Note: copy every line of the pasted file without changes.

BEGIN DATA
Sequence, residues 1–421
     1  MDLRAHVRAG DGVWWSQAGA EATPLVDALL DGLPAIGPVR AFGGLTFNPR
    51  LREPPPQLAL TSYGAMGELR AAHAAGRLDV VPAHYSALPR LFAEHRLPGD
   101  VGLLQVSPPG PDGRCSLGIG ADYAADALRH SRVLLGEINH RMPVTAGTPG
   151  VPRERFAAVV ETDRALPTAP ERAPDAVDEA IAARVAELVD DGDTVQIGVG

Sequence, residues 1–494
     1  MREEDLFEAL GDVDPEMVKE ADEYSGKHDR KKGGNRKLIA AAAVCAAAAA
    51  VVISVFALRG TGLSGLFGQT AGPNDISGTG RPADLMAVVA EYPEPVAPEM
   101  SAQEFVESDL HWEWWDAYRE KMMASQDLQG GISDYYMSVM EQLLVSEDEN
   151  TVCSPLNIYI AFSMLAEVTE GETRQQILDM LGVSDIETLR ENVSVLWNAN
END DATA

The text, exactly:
Sequence, residues 1–421
     1  MDLRAHVRAG DGVWWSQAGA EATPLVDALL DGLPAIGPVR AFGGLTFNPR
    51  LREPPPQLAL TSYGAMGELR AAHAAGRLDV VPAHYSALPR LFAEHRLPGD
   101  VGLLQVSPPG PDGRCSLGIG ADYAADALRH SRVLLGEINH RMPVTAGTPG
   151  VPRERFAAVV ETDRALPTAP ERAPDAVDEA IAARVAELVD DGDTVQIGVG

Sequence, residues 1–494
     1  MREEDLFEAL GDVDPEMVKE ADEYSGKHDR KKGGNRKLIA AAAVCAAAAA
    51  VVISVFALRG TGLSGLFGQT AGPNDISGTG RPADLMAVVA EYPEPVAPEM
   101  SAQEFVESDL HWEWWDAYRE KMMASQDLQG GISDYYMSVM EQLLVSEDEN
   151  TVCSPLNIYI AFSMLAEVTE GETRQQILDM LGVSDIETLR ENVSVLWNAN